As more and more European schools enter the fundraising game, they look to their American counterparts to understand the rules. Developing a devoted alumni network is part and parcel of ensuring a steady flow of gifts and most schools are ramping up efforts to connect with their alumni who reside throughout the world.
Alumni clubs, regular class reunions, responsive career centers, and alumni publications all factor into the success of creating an excellent alumni network. But is there truly a magic equation for making sure that the majority of alumni are tapped into the network and are giving back?
If there is one, it seems like the Tuck School of Business at Dartmouth has cracked the code. Every year the school “blows its competition out of the water” in terms of annual alumni giving. This year, 70 percent of alumni made a contribution to the school, a figure which dwarfs the 20 percent average giving rate of other top-20 business schools. Tuck has even managed to reach the most difficult givers ― young and international alumni.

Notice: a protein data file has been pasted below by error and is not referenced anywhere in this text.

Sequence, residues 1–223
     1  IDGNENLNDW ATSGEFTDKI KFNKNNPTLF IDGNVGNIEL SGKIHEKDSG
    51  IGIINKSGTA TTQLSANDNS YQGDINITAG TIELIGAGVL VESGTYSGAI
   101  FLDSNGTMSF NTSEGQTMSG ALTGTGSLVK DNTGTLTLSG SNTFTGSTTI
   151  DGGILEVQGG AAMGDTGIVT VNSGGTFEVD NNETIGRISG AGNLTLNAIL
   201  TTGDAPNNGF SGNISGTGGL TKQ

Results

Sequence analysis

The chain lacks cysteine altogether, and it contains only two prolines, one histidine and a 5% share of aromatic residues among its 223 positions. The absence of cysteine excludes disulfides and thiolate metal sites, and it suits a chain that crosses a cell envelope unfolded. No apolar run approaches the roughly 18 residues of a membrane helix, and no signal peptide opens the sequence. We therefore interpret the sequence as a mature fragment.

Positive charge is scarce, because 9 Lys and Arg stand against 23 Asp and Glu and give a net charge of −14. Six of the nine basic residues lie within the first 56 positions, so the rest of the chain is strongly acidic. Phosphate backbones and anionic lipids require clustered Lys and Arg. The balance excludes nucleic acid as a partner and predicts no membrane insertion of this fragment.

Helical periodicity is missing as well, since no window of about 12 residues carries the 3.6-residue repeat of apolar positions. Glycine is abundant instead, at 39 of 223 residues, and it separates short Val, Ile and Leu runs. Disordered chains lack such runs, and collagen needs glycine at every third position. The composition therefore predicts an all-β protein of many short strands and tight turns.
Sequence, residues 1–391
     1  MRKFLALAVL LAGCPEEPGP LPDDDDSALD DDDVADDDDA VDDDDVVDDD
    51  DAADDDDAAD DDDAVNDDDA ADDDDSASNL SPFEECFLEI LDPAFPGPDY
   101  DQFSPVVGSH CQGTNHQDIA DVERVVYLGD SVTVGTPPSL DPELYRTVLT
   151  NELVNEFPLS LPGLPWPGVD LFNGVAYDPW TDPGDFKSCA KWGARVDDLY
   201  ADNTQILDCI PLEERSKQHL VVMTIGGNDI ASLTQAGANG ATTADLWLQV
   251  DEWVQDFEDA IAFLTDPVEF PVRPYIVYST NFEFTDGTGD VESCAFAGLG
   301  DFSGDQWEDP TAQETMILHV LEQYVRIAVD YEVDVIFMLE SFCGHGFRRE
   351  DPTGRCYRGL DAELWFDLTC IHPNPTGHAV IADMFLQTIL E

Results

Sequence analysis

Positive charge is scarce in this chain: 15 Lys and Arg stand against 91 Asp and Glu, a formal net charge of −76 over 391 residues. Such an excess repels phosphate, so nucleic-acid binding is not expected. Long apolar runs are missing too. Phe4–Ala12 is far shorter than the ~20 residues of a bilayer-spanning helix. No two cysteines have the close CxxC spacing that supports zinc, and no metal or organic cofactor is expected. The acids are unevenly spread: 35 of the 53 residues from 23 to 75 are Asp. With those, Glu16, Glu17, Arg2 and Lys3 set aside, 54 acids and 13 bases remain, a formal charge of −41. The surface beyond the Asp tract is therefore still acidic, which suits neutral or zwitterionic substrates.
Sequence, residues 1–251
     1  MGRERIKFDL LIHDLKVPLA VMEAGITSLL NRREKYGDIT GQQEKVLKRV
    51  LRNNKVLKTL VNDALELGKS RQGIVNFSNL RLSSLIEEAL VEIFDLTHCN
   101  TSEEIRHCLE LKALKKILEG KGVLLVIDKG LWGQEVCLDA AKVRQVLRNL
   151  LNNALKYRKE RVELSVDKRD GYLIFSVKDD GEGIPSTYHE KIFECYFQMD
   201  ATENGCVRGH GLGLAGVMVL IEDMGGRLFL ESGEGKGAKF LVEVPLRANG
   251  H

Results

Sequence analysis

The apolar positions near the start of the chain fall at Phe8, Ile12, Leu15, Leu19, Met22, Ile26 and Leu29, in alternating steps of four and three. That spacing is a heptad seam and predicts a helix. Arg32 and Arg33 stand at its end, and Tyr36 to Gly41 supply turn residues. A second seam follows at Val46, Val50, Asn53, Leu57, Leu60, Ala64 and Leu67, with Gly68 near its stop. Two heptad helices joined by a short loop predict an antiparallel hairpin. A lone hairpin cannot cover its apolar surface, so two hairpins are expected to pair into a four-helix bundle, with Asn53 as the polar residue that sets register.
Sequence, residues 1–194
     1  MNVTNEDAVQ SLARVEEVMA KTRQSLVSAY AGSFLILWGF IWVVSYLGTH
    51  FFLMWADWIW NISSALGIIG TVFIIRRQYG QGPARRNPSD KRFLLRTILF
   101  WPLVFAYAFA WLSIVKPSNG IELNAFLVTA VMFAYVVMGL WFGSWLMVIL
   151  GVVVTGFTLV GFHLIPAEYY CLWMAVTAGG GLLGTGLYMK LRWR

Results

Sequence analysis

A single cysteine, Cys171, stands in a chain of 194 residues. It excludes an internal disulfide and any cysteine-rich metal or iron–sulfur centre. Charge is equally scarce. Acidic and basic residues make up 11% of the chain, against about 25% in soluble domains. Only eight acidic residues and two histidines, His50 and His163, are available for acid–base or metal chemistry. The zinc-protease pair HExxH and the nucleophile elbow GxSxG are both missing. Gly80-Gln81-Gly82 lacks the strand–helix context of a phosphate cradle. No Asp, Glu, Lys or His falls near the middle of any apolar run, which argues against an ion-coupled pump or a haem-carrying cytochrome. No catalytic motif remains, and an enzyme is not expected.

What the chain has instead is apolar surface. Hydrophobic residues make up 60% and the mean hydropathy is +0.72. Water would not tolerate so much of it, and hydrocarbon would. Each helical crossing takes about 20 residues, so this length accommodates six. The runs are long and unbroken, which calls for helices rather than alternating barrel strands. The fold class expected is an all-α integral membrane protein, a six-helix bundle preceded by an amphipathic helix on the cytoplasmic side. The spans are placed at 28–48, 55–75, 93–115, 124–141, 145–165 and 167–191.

What is the school doing right? Each fundraising campaign is well organised. A student advisory board for annual giving made up of 25 to 30 current MBA students has been created. Approximately 600 alumni make phone calls to other graduates, organise dinners and cocktail parties and generally reach out to their classmates. The school holds regular alumni events in private settings – generally graduates’ homes – throughout the world.
Tuck encourages its alumni to respond immediately to inquiries from other graduates. Classmates respond at close to a 100 percent rate, and often within the day, according to Dave Celone, head of annual giving at the school.
In addition to the way the school organises its alumni network, the high giving rate is most likely attributable to the school’s environment. Located inHanover,New Hampshire, a small town in New England, MBA students work shoulder-to-shoulder in intimate classroom settings. Students know everyone in their class. In this way, giving back to the school is similar to helping out a family member. Who would say no to loaning Uncle Joe a hundred bucks for him to invest in his future? Especially when it means investing in your own.
Source: Poets and Quants